One more stop he said. We were chasing daring lighthouses, pure beaches and wild coastline, as usual.
It had been a very hot day in August, the kind of day that makes everything quiet and brings out the light in everything, white houses and white sands surrounded by a shimmering halo, people scarce and wrinkled by sun and dry winds. Coming down from Nazare along the coast, we had taken a scourging trip inland to see Fatima and Batalha, and were heading to Obidos for the night. Tired with heat and long drive, I was looking forward to the cool walls, green ivy and refreshing chatter of the Obidos fortress at night. One more stop, he said, we have to be there by sunset.
That hour before sunset is my favorite time of the day. He knew that. We drove through the Peniche peninsula, cut through town straight to the Marginal Norte and stopped at Remedios. 10 years since, and still this is the only cross in the world that holds the power of faith and rapture on me. An old man fishing from atop that cliff told me he moved to Peniche 35 years ago, and he still came here every day. “Even if there are days with no fish, there is magic.”
Nothing prepares you for the spectacle, or for the invading wonder that instantly shifts your perspective, leaving you utterly alone, facing the whole universe from a rugged cliff. Tens of meters above the sea, the otherworldly rocks are cut in sharp slices and the roaring abyss catches your sight, dangerous and hypnotic. Walking along the coast towards the lighthouse at Cabo Carvoeiro can be a life-changing adventure. There is a Pirates Cove and lots of rocks to climb and use as a personal terrace overlooking the sea, the changing colors of sunset and the mysterious clouds over Berlenga islands. If you take your time, you can really see forever and find out the truth about yourself.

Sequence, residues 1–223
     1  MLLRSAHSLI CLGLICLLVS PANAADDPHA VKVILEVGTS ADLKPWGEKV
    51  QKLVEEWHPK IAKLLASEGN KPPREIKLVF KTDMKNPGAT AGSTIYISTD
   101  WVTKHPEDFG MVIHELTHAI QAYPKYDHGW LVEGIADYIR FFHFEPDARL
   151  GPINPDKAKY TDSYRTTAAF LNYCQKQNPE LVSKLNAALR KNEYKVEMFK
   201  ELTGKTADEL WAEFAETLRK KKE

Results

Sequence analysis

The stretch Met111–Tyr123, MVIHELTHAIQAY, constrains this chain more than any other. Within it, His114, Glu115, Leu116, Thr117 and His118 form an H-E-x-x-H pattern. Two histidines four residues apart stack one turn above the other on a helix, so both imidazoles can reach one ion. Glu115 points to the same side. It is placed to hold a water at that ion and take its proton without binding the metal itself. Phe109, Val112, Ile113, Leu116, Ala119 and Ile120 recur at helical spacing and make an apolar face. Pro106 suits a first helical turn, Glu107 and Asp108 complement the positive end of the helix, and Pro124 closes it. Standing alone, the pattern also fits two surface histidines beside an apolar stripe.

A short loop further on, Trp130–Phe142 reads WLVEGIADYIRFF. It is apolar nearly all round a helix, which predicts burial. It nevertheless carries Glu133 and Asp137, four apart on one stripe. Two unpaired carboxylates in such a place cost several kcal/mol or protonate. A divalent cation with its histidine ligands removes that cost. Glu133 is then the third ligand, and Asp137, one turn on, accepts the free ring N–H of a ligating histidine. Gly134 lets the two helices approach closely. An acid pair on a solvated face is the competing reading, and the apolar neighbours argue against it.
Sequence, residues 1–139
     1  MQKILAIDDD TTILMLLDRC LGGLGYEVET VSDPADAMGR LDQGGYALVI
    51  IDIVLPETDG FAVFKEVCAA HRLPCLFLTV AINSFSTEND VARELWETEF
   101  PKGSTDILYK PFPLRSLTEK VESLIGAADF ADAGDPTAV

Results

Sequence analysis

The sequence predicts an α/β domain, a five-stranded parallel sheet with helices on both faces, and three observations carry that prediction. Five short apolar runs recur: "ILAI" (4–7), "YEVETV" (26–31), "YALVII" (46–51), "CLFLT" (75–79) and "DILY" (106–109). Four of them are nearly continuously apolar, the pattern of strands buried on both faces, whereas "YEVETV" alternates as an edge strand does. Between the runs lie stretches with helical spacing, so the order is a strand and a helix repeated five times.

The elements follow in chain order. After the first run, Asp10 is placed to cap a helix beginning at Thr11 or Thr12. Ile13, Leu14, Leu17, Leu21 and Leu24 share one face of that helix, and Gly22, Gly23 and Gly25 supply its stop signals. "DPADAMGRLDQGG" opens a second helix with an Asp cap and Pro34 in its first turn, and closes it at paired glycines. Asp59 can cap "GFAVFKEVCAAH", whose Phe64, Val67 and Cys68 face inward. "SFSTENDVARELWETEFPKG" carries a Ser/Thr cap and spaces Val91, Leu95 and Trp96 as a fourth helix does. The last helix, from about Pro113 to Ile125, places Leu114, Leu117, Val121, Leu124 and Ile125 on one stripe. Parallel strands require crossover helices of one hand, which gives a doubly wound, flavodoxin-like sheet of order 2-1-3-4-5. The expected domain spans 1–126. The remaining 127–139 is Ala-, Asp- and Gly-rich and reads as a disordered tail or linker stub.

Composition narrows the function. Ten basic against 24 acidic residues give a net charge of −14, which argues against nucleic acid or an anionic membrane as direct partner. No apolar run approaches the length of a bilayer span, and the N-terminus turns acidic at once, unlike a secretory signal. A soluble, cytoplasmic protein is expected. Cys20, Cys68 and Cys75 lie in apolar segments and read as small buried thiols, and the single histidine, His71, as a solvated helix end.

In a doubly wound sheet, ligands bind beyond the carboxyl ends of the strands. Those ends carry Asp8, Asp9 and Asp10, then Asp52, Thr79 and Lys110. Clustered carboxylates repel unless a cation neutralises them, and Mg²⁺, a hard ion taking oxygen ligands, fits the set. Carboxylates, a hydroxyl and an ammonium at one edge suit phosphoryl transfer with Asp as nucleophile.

Peniche is a small town ignored by tourists and adored by surfers. Three things make it absolutely extraordinary: the waves, the sliced coastal rocks that witnessed the extinction of early Jurassic marine creatures and Cabo Carvoeiro, the second westernmost point of Europe. The supertubos here are the best in Europe, and the accommodation facilities range from surfers’ camps to great local houses and a few wonderful hotels. The food is truly great, everything from the sea comes fresh to the little port and right in the local kitchens. All taverns are good. As for a more upscale experience, you can dine hanging over the sea at Nau dos Corvos, just near Cabo Carvoeiro, with panoramic, infinite views over the Atlantic.